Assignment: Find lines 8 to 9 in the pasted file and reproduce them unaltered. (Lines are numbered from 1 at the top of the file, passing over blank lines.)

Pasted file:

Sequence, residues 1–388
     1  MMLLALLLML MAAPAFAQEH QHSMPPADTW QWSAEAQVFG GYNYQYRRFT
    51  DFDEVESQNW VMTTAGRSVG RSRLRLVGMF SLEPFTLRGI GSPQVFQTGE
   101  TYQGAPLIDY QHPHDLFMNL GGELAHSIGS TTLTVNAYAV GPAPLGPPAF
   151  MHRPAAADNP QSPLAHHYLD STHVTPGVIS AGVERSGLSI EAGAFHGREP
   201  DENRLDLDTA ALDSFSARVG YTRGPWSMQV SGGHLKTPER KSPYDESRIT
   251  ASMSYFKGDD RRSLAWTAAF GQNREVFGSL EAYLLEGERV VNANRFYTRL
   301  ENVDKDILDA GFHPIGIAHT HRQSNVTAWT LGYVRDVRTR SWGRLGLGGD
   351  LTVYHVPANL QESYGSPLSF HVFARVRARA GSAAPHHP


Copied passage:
   301  ENVDKDILDA GFHPIGIAHT HRQSNVTAWT LGYVRDVRTR SWGRLGLGGD
   351  LTVYHVPANL QESYGSPLSF HVFARVRARA GSAAPHHP